Essex County, MA
United States

Brandeis University Institute for Economic and Racial Equity

Throughout the COVID-19 pandemic, Black and Latinx communities have faced disproportionate harm, including increased levels of housing instability. To cope with high rental prices, families who are experiencing poverty—especially those with members who are undocumented immigrants—have been forced to house multiple families in one apartment, resulting in increased COVID-19 transmission and illness. The Essex County Community Organization (ECCO), a multi-faith network of 59 congregations on Massachusetts’ North Shore, learned that Black and Brown residents want more focus on addressing housing instability. Their prior research revealed that many undocumented immigrants rent their homes from landlords who are immigrants. For this project, ECCO collected data to understand how challenges for tenants and landlords who are immigrants are interconnected, and in what ways these groups could collaborate to advocate for aid to stabilize rents.  

ECCO used a participatory action research approach, and Black and Brown leaders who are directly affected by housing instability designed the research plan and worked as co-researchers throughout the project. To support these community leaders, ECCO collaborated with Brandeis University’s Institute for Economic and Racial Equity to provide training in participatory action research methods. The community leaders used what they learned to design interview protocols and conduct interviews with landlords who are immigrants.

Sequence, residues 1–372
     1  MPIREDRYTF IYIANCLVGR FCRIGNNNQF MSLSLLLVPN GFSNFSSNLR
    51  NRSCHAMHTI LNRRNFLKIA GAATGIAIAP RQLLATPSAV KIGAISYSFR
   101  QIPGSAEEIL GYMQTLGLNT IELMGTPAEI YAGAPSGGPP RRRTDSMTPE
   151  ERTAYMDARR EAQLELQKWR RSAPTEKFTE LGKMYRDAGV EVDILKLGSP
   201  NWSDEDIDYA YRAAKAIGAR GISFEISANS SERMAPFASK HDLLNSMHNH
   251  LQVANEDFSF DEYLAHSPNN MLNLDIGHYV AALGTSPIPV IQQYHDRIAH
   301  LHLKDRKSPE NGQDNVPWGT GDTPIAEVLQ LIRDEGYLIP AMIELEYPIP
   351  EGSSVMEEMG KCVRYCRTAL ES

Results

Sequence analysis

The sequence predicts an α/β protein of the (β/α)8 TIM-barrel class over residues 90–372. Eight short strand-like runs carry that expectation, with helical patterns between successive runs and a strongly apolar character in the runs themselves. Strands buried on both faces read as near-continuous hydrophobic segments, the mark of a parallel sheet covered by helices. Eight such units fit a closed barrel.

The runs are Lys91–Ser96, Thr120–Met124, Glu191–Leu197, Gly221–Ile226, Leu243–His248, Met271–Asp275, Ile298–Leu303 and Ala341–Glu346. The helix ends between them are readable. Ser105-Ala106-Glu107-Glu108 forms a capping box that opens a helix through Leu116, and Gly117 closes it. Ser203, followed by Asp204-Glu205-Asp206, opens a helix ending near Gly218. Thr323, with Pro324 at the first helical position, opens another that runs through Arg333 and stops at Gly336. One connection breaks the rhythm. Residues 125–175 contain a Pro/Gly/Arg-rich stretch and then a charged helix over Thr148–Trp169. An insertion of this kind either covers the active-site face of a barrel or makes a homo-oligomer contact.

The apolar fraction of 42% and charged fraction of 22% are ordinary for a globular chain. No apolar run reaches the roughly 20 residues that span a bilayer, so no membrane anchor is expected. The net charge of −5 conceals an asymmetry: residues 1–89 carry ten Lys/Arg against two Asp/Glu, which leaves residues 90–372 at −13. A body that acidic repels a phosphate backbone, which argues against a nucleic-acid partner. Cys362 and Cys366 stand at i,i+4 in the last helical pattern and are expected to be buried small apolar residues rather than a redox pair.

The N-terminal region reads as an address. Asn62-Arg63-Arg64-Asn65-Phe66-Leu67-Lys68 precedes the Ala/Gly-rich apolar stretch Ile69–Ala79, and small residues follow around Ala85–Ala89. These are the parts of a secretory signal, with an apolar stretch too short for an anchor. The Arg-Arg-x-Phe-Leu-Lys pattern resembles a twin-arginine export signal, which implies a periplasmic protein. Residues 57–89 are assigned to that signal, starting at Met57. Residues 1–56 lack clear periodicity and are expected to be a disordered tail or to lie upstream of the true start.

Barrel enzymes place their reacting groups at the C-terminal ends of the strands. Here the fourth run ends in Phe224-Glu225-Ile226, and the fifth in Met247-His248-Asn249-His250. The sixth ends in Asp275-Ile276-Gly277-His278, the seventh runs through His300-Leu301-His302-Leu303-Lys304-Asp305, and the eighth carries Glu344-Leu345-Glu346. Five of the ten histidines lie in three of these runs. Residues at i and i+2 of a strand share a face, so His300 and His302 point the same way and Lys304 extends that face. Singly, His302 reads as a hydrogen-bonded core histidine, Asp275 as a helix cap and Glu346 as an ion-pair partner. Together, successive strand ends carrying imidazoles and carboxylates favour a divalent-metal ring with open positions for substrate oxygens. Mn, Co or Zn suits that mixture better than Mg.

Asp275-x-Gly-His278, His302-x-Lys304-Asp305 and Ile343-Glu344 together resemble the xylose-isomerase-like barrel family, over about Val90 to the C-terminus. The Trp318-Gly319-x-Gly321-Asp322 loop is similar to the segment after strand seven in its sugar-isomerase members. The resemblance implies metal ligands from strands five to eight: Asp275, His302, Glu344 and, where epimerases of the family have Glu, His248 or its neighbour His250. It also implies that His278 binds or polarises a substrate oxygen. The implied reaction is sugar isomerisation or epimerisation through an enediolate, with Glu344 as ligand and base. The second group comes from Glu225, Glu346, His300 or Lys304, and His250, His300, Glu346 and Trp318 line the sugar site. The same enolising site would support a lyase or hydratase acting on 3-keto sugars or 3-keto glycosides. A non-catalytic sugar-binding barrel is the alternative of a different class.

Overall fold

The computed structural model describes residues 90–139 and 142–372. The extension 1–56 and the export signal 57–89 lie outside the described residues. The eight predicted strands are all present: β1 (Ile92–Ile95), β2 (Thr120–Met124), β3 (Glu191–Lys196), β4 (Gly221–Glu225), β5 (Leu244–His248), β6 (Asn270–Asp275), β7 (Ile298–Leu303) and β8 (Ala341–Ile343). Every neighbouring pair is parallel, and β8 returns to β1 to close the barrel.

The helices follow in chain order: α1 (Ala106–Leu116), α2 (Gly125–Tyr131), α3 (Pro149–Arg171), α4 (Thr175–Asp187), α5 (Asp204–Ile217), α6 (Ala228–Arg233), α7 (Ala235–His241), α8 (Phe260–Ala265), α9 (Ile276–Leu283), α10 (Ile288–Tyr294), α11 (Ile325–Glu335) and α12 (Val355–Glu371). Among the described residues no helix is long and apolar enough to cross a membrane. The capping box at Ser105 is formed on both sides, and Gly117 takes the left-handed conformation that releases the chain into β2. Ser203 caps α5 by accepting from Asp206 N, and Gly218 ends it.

Common reasons they gave for becoming landlords included the peace of mind and ability to set their own rules that came with the job, as well as their desire to help their community and build their own wealth. They reported they usually had good experiences with their tenants, and the most common problem is tenants who failed to keep up with their payments, forcing their landlords to pay for expenses out of their own pockets. Landlords also reported a lack of support from the city, such as rent control policies that do not include provisions that help landlords with maintenance and improvements.

The community leaders are continuing to conduct interviews with landlords and tenants, and are collaborating with ECCO and Brandeis University researchers to identify actionable findings. ECCO plans to disseminate findings in a report for advocacy partners and the City of Lynn, Essex County’s largest city. The goal of this report is to support directing additional local and federal aid to tenants and small landlords; to help keep rents down; to prevent displacement.

A key outcome of this project is the capacity community leaders have developed to conduct research and engage in advocacy. Some of the community leaders who participated in this project are applying what they have learned in new ways by joining other local research and advocacy initiatives. In addition, ECCO aims to leverage this project’s spotlight on housing instability to further mobilize tenants of color and landlords who are immigrants. This could propel efforts to address related issues like the racial wealth gap and meeting the need for more affordable housing through the development of community land trusts.